As one of the most tantalizing deaths in Hollywood history, d’Arc spoke about the possibility of foul play. “Was this a natural heart attack or was it induced? It’s not outlandish to suppose that Kubrick’s death was instigated by someone as punishment for exposing secret rituals of the world’s ruling families. In the 1950s the CIA studied ways to mimic death by natural causes such as heart attack and cancer. It was found that the use of potassium chloride or calcium gluconate to cause a heart attack would not raise suspicion since these chemicals are naturally present in the human body. Another way to induce heart attacks is via radio-frequency weapons.”
STARS SPEAK OUT
Unlike the old Hollywood studio system where actors were little more than pieces of meat run through a grinding machine, today’s stars—at least occasionally—are speaking out against Tinseltown’s abuses.
Summing-up a culture that feeds off desperation, model-actress Melyssa Ford told reporters, “If your ultimate goal is to be famous, then you’re going to do a lot to get there, like sign your name in blood on a contract with the devil.”
Comedian Dave Chappelle, who admittedly professes an interest in conspiracy theories such as AIDS being man-made, got so fed-up with the industry that he fled to Africa. Upon returning, he said of Hollywood, “The environment is sick.”
Actor Randy Quaid, while on the run from authorities, held a press conference on October 29, 2010, where he dropped a bombshell. “We believe there to be a malignant tumor of star-whackers in Hollywood . . . How many people do you know personally who have died suddenly and mysteriously in the last five years? I have personally known eight actors, Heath Ledger, Chris Penn and David Carradine among them . . . I believe these actors were whacked, and I believe many others, such as Britney Spears, Lindsay Lohan and Mel Gibson are being played to get at their money.”
On May 16 leading lady Sean Young, who starred in Blade Runner and Wall Street, appeared on Red Ice Radio where she exposed what many AFP readers already know, at about 13 minutes into the broadcast: “Humanity is being preyed upon, as a species, not only by old satanic families like the Rothschilds and Rockefellers, Collins, Dupont, Warner, Russell, [plus] the world’s monarchies and the Vatican, but they’re also preyed upon by governments, the military, banking institutions and academia.”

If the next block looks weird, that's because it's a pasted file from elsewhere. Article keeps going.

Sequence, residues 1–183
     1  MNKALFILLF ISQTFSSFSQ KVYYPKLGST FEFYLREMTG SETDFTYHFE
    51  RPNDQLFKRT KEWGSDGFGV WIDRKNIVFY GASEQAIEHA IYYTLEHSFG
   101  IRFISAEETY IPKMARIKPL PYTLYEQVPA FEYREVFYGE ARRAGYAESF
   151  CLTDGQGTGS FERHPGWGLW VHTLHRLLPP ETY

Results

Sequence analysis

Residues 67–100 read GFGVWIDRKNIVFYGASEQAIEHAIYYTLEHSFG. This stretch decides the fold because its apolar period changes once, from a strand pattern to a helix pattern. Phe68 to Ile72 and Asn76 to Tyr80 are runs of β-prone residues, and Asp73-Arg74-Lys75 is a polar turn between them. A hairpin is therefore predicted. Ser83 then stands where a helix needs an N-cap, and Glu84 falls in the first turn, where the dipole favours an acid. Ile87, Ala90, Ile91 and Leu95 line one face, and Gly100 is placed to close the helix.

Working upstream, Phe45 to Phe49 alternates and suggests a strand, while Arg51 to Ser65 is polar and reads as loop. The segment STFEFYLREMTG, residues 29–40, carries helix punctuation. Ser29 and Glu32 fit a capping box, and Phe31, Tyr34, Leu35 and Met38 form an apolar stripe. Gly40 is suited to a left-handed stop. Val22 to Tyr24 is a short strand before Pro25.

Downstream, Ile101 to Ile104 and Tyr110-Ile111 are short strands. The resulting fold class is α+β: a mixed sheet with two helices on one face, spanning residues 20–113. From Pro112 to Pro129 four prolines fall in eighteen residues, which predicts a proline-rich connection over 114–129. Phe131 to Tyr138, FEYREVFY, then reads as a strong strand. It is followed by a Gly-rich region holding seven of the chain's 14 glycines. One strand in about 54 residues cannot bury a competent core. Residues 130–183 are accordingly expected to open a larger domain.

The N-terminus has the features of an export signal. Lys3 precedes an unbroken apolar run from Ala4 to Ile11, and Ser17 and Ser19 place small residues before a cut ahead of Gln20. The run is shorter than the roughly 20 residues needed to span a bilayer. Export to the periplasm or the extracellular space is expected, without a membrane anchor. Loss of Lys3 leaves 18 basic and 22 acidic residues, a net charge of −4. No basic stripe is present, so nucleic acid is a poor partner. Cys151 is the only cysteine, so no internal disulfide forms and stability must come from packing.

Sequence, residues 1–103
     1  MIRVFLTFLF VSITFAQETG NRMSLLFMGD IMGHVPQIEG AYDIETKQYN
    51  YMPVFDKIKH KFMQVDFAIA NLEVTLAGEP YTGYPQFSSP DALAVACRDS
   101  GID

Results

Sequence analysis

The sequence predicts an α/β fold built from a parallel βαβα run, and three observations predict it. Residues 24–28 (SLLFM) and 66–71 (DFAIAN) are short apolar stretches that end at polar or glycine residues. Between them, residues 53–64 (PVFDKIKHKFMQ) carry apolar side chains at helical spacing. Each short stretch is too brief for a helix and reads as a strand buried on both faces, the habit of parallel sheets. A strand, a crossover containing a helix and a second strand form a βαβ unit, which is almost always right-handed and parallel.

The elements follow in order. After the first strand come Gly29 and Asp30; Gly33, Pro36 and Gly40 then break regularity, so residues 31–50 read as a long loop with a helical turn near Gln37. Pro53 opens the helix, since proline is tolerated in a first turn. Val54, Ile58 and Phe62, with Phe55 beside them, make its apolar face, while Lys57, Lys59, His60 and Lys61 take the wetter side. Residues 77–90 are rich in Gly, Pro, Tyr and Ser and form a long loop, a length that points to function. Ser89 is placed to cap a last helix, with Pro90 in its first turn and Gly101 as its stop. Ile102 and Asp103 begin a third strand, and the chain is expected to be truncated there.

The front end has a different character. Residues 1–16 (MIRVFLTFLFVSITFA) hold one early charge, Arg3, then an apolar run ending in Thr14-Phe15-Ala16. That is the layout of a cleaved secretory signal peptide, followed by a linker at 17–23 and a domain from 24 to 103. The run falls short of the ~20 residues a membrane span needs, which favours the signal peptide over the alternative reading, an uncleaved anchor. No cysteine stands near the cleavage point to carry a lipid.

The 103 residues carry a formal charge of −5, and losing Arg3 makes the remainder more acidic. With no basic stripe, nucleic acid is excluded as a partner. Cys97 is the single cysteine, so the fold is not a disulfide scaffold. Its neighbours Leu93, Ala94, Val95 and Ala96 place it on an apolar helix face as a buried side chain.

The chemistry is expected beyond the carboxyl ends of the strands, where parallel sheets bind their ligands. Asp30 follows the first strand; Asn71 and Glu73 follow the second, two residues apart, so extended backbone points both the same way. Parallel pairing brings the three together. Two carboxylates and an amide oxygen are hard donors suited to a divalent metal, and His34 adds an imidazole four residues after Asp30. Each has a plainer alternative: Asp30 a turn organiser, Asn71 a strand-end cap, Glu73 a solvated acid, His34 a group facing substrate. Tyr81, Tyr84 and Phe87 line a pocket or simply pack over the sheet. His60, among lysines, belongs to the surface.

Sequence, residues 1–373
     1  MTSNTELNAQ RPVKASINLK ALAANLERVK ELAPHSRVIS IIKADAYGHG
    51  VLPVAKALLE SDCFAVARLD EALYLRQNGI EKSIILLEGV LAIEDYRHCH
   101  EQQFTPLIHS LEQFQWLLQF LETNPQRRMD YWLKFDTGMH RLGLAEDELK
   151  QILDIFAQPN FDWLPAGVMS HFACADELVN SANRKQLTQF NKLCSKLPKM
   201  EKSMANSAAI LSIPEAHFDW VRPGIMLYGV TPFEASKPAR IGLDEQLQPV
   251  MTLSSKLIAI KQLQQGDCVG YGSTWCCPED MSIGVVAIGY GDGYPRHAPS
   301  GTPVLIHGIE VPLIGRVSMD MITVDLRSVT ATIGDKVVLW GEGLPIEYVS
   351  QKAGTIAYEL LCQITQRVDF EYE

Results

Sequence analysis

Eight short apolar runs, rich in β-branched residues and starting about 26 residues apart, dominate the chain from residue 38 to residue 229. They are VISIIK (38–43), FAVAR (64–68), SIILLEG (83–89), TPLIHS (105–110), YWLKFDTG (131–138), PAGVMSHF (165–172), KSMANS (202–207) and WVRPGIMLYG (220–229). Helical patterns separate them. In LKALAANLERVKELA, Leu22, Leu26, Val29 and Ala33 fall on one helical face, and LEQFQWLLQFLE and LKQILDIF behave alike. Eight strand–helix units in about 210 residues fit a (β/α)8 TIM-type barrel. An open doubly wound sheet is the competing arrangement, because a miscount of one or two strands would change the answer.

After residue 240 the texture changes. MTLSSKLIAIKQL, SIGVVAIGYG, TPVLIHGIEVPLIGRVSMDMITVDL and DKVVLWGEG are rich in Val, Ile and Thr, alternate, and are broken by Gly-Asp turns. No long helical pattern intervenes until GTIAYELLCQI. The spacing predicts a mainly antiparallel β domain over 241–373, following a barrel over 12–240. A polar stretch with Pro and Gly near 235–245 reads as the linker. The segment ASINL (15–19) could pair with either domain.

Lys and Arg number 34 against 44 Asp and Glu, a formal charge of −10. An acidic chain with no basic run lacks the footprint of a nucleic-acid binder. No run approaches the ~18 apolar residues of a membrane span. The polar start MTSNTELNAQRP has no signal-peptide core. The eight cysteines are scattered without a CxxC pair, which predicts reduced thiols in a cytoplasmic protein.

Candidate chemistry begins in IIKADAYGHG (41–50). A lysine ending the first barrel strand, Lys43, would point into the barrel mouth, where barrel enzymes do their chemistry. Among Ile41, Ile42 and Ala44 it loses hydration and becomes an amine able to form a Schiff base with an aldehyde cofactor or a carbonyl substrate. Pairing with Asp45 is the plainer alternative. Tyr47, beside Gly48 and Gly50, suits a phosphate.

Pop singer Michael Jackson, who many feel came under the wrath of these powerful sources, took on Sony Music and its president in June 2002. “Tommy Mattola is the devil,” he told a cheering audience. “We have to continue our drive until he’s terminated.” A never-ending string of scandals and lawsuits plagued Jackson until his suspicious death from the knockout drug Propofol in 2009.
Child star Corey Feldman, who has seen numerous actors fall by the wayside, told ABC News on August 10, 2011, “I was literally famous before I knew my own name.” More dramatically, he pointed a finger of blame at executives for the demise of his friends. “The number one problem in Hollywood was, is, and always will be pedophilia. It’s all done under the radar, but it’s the big secret . . . They surround child stars like vultures.”
The entertainment industry’s dark side extends well beyond wrecked lives and compromised careers. It also directly affects the course in which our society takes.